South Korea (1999)
SPAAML – 114 built

The South Korean SPAAML

The K-SAM Chunma or “Pegasus” is a self-propelled, short-range, supersonic surface-to-air missile system. Its main purpose on paper was to engage all threats flying 5,000 meters or up to 9-10 kilometers with the use of a command-to-Line-Of-Sight (CLOS) guidance. The K-SAM program was launched in 1989 and in 1999, after the prototype was delivered by Doosan and tried, the first batch of 48 vehicles (about 358m $) and deliveries scheduled to take place between 1999 and 2005. With the introduction of a modernized Crotale system, the second batch of 66 (510m $) was ordered in December 2003 and deliveries took place until 2009.


K-SAMs Pegasus at the 2013 celebration ceremony for the 35th anniversary of the ROK Armed Forces.

About the Crotale missile system

This AA missile started in 1967 as a joint venture between Rockwell International (US) and Thomson-Houston (and Mistral) in France for South Africa. At the end the French army was so impressed that it was ordered for the navy and army and these systems were also exported (Barhein, Egypt, Finland, Greece, Iran, Oman, Pakistan, S.Korea, Saudi Arabia, UAE, Portugal, South Africa), starting in 1978. France developed a 4×4 and an AMX-30 based launcher platform to provide organic defense, a tracked carrier was also used by the Saudi Shahine SPAAML, and the Korean-designed Doosan Chunma. China also uses the HQ-7 SAM 4×4 vehicle. The Crotale (“rattlesnake”) is an all-weather short-range missile using InfraRed Differential Ecartometry. Its weight is 76 kg with a focused fragment warhead of 13 kg, with a length 2.35 m, the diameter of 0.165 m and a radio fuse. Range varied from 6,000 m to 9,000 m on the Thales Mark 3 (2008) and 11,000 on the NG (1990), at a top speed of 1,200 m/s (MACH 4.3). For the Pegasus, it was 5,000 km in altitude and 10,000 m for the maximal range.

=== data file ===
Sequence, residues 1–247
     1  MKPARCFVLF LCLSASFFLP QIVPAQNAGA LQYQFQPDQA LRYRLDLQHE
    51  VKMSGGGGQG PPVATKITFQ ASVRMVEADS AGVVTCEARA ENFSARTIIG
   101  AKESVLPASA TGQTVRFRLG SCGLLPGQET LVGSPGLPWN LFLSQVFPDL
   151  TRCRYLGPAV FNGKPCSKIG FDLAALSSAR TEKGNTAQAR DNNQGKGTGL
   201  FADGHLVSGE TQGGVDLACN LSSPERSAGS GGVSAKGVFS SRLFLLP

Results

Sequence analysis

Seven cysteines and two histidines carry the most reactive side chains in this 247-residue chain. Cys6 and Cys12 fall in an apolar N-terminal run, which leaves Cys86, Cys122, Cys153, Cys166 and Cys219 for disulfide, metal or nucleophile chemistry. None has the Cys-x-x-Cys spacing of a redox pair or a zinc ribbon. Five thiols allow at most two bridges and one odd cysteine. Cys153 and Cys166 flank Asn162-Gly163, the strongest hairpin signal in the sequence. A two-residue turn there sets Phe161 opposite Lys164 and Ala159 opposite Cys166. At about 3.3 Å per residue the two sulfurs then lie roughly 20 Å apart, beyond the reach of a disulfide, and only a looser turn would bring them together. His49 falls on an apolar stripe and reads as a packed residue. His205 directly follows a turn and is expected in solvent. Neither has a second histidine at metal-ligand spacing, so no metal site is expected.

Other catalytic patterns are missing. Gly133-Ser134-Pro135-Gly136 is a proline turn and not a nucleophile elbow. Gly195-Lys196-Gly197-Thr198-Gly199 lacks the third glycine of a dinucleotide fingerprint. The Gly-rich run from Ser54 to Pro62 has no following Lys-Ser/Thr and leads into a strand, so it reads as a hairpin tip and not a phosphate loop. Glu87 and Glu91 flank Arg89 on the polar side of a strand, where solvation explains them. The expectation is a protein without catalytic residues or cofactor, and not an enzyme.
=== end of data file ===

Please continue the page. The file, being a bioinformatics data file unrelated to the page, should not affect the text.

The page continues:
Design

Doosan was put in charge of the launcher which has to operate a central unit with 2×4 launchers and a central guidance system plus tracking radar. The chassis seems to be a standalone creation, although apparently with elements from the K200 AIFV. This chassis is shared also with the Biho SPAAG. The driver is located to the front left, with three vision blocks (central IR) and right-sliding hatch. The commander and operator took place in the rear section of the hull with the surveillance and tracking radar and fire control consoles. The missile system is located at the center of the vehicle. The engine compartment lays at the right side near the driver, housing a Doosan D2840L 10V turbo-intercooled diesel rated at 520-hp, for a top speed of about 60 kph for 26 tons.

The welded RHA steel hull has a frontal beak, but flat sides but armor thickness is unknown, estimated to 25 mm on the frontal arc, 8-13 mm elsewhere as a standard for this kind of vehicles. There is also a collective NBC protection with overpressure, automatic fire extinguishers and 2×4 smoke dischargers are provided for concealment (installed on the glacis front). The drivetrain comprises 6 roadwheels and 5 return rollers per side suspended by torsion bars and shock absorbers, protected with the same rubber skirts shared by the K200 and M113 APCs.